Sunday, March 24, 2013

Being Pagan

I was going to edit this and give it more order than stream of consciousness, but I think instead I'll just let you see how it came out of my head and through the keyboard, no editing at all.


I've seen a lot of people lately in various forums trying to define paganism with the apparent intent of using that definition to tell people what is and is not allowed under the pagan umbrella.

This is not one of those attempts.

Instead, I have chosen to examine my own feelings and thoughts on the matter and express them here, in my online sacred space. I am mindful that what I write may be offensive to some if they internalize it and apply it to themselves, but that is not my intent. I am sharing my worldview purely for the purpose of sharing. I do accept that other people see things differently and no one is required to live up to my personal definition of pagan, witch, wiccan, magician etc.

When I close my eyes and look at the world around me through my mind's eye, I don't see a riot of colors that can't be seen with my physical eyes. Magic doesn't work that way for me. I don't hear unearthly noises like the singing of pixies or anything. I do, however, feel things that can't be touched, seen, or heard. I feel a warm, vibrant sense of life all around me. It's like the sun on your back, or a stream rushing over your hand, but less tangible. It's actually closer to that feeling you got from the old-style televisions when you put your arm near the screen and the hairs would rise up. That feeling is what I get when I'm experiencing the flow of life.

In my perception and experience, ghosts, gods, elementals and nature spirits are just as real as you and I. Energy that is cohesive and directed by intelligence with emotional expression, but without physicality.

I perceive a spiritual plane of existence overlaid with our own that I think of as “the causal plane” where magical focus creates the change and it ripples into manifestation in our reality. In all likelihood, that idea is part experience and partly what I've read somewhere in the last 30 years. I've honestly forgotten what I've read in that period of time so I can't pin it down to a specific influence, but the concept works well for me. When I whistle up the wind, I'm focusing on the causal plane's wind moving and the physical wind moves after it (when it works). When I'm drawing down the moon into myself, it's liquid silver electricity that shifts my consciousness more into the causal than the physical reality. When I draw down the sun, it's golden healing fire that doesn't shift me quite as far, but strengthens the scope and breadth of my perceptions in the physical world to better connect to the causal and create change. I'm not sure if that's even close to explaining correctly, but when I'm needing physical strength I'll draw on the sun and charge up my chi that way. And yes, I draw both energies into myself at the same time without going insane, or exploding or causing any other damage. Because they're compatible, though different.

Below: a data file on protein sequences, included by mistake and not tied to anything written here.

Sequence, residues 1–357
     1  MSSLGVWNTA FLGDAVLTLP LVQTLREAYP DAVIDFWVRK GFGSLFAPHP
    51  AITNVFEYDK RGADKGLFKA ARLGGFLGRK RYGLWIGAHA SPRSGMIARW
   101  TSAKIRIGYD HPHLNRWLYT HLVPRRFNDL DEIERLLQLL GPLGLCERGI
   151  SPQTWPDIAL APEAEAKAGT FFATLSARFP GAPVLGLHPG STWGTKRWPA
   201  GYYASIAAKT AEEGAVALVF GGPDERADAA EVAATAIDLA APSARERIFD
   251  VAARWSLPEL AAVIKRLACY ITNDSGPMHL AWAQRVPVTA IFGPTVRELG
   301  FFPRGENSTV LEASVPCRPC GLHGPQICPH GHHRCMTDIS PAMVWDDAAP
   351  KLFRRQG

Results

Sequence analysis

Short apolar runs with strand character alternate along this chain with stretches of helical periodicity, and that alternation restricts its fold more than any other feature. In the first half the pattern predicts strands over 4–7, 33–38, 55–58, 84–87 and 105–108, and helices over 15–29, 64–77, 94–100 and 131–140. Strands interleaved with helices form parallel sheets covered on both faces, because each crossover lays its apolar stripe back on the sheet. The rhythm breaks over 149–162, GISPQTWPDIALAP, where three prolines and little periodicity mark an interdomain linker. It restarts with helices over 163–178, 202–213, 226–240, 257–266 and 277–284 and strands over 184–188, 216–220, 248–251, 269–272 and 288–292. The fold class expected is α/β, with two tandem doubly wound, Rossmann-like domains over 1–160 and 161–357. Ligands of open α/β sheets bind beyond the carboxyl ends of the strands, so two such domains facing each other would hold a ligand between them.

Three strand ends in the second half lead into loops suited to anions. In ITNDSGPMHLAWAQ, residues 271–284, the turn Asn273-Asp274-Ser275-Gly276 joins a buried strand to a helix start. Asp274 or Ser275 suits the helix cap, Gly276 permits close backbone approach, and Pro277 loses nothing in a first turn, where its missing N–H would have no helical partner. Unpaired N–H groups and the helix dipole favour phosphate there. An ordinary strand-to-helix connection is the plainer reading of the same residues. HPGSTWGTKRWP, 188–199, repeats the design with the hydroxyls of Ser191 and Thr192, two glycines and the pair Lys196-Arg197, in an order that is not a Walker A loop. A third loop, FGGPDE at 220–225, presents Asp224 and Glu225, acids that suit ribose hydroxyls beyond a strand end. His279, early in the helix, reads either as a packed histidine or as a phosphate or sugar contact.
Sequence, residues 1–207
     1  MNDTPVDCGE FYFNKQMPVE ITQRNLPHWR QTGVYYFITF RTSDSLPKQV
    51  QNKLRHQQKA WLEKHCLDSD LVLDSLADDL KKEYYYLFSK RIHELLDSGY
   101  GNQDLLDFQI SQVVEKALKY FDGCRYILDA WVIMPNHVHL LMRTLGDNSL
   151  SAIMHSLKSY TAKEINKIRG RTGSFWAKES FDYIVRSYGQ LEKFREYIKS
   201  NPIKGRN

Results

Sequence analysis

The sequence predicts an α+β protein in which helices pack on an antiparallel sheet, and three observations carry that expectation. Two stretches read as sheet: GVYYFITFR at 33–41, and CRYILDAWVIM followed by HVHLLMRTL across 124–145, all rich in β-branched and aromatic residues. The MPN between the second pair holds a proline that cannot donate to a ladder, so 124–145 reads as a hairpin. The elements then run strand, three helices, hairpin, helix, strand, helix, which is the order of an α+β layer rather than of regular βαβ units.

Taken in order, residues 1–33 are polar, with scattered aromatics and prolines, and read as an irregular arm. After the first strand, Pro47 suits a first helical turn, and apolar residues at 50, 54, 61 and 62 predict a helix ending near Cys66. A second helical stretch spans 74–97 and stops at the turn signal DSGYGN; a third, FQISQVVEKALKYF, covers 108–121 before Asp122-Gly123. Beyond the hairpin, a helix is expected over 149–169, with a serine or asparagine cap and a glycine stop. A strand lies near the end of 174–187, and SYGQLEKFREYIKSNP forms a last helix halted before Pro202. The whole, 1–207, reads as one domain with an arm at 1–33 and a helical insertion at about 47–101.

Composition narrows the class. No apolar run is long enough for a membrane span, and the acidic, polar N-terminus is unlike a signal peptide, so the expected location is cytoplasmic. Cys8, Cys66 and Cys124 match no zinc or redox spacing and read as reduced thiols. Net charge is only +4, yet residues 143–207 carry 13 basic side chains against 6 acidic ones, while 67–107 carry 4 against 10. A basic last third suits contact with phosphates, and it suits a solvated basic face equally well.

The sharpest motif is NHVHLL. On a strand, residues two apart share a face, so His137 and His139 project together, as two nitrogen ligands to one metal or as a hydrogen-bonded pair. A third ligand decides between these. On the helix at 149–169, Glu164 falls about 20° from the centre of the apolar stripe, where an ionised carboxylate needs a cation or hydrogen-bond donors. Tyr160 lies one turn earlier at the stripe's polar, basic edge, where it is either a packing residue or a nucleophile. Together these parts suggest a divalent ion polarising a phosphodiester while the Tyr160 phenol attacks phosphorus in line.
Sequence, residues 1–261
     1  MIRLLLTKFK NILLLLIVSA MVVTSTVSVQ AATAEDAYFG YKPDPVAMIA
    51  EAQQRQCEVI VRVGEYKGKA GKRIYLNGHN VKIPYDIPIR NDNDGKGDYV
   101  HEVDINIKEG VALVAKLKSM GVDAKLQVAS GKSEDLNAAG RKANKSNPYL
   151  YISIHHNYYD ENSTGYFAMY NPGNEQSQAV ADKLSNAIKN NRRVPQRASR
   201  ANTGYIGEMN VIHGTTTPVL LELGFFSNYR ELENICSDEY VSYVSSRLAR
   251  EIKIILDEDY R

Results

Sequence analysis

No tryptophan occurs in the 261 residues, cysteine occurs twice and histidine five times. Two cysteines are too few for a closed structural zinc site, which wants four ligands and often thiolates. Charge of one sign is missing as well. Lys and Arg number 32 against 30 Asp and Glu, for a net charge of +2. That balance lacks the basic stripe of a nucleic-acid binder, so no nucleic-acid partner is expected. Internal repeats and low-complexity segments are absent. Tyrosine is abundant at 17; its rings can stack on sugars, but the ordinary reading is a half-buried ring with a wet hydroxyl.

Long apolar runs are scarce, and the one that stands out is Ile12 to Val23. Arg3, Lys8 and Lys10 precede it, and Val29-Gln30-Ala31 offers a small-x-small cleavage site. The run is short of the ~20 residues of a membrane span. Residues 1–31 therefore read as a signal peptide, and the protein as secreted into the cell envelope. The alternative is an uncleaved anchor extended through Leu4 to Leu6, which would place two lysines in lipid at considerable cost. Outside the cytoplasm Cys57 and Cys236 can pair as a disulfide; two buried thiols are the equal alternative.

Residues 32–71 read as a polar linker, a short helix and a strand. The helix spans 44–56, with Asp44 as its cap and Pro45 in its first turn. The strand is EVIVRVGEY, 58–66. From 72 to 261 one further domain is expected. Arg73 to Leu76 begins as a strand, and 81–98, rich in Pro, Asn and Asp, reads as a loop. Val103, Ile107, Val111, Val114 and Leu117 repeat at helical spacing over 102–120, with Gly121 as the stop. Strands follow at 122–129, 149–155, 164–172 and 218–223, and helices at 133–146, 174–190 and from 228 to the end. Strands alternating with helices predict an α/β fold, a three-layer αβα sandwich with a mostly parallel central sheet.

Being pagan, or a witch, is accepting that reality. That we live with spirits and other energy beings all around us and that magic is a real force that we can tune into and create change with.

My personal need for balance has me accepting the Goddess and our horned, virile image of God at the same time. I am both masculine and feminine, and I honor experience the creative force of the universe as both genders working in harmony. If I ignore Him in favor of Her, then I do Her a disservice by depriving her of her partner. I'm totally cool with other people sticking with one or the other, that's their path to walk. For my path, I have to honor both and I can't do it differently to accommodate someone else.

I am uncomfortable with fictional terms (like “muggle”, “guardian”, or “planeweaver”) being applied in real life. I feel like it's a line that shouldn't be blurred, even in jest. Well, ok, maybe in jest once in a while, but I've learned that if you use the same joke too often it can become an ingrained pattern. Too often, I've watched folks read or watch something fictional and immediately start equating it to real life and adopting the terms used by the author. That road leads to delusion, and away from the reality of magic I'm afraid.

I cringe when people say “Initiation doesn't mean anything”, because I've had some deeply profound spiritual experiences through initiatory life events. The titles that we humans create to go along with some of those initiatory experiences don't mean much, except inside our own carefully constructed social groups. The experience should always be honored, even if it doesn't conform to my personal idea of an initiation.

(Wow, that's really random and requires a lot of editing.)

Bottom line, being pagan to me means acknowledging the flow of Life all around us, and connecting with others of like mind in this plane and the spiritual planes.

Each of us has our song to sing, and whether it's a ballad, country & western song, heavy metal, or classical violin piece they're all valid. What doesn't work for me works for others, and it's not my place to tell someone they can't do it. I can, however, put in earplugs. I can accept it and not like it, without beating someone else up over it. And isn't that just the courteous way to interact?   


  1. *laughing* With which part? And thank you for reading and commenting!

  2. For me, being a Witch is answering and accepting the call you speak of, and understanding that even if the melody you hear doesn't sound anything like mine, we can always dance together ;-)